John is 60 and has $1 million in superannuation and Noelene is 54 and has $700,000 in her superannuation account. After taking appropriate advice, John decides to commence a transition to retirement pension with the full balance of his accumulation account. He will be required to withdraw the minimum amount of 4% ($40,000) and can draw up to the maximum of 10% per annum – that will allow for the withdrawal of up to $100,000 per annum. Note that Noelene could not follow this strategy as she has not yet reached her preservation age and therefore has not satisfied a condition of release. As John has turned 60, the receipt of the pension amounts from the fund will be tax-free in his hands.

Once the drought breaks and normal cashflows return, they plan to commute the transition to retirement pension back to accumulation phase and top-up contributions as their financial position improves

Risks of accessing your super early

While accessing your superannuation may seem like an easy solution when going through a financial crisis, it is important to consider all the associated risks and consequences. Individual circumstances vary and these can include:

  1. Tax may apply to withdrawals

If you are below preservation age, you may be required to pay tax on any money you get from your superannuation. The tax varies depending on your circumstances and the taxable/tax free components of your superannuation balance.

  1. Fees & charges

You may need to pay your super fund a fee to have your super released early.

  1. Reduced retirement benefits

Early withdrawals can have compounding effects on the future balance of your superannuation with consequential impacts on your retirement plans.

  1. Impacts on other government benefits

Changes to your income due to superannuation benefits received may affect your eligibility for other benefits such as Family Tax Benefit, childcare allowance, etc.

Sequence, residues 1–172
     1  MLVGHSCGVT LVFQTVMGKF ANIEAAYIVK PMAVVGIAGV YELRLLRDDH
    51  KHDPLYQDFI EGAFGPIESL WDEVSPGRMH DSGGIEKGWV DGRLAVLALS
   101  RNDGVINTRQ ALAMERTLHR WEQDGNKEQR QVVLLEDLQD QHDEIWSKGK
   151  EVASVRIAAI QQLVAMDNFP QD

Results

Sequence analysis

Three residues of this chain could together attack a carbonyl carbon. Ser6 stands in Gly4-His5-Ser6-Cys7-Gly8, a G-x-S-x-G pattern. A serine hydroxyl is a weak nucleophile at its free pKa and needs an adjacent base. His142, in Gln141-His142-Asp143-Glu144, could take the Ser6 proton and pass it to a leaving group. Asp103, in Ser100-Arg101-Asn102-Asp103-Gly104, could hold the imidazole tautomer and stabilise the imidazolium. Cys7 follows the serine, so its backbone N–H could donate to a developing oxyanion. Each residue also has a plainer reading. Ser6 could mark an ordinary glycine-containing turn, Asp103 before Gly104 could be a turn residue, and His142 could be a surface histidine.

1. Watch out for scams

In recent years there have been a number of so-called “early access” schemes that have been promoted to facilitate the illegal early release of monies from superannuation accounts. Appropriately, the regulators have acted promptly against these schemes and there are severe penalties for promoters and trustees who engage in this unlawful conduct.

The information provided in this article is general in nature and does not consider your circumstances, needs, objectives or financial situation. This information does not constitute financial or taxation advice. Before acting on any information in this article, you should consider its appropriateness concerning your personal situation and seek advice from an appropriately qualified and licensed professional.


Bob Locke has been an accountant and taxation expert for 35 years. His company, Practical Systems Super, provides an all-in-one SMSF solution with a full administrative service, SMSF management software, and independent, licensed advice, tailoring their package to meet the individual needs of trustees and SMSF professionals.

To find out more about Practical Systems Super, visit www.pssuper.com.au, or call 1800 951 855.

The information provided in this article is general in nature and does not take into account your personal circumstances, needs, objectives or financial situation. This information does not constitute financial or taxation advice. Before acting on any information in this article, you should consider its appropriateness in relation to your personal situation and seek advice from an appropriately qualified and licensed professional.

Retirement income worry: Who worries and why?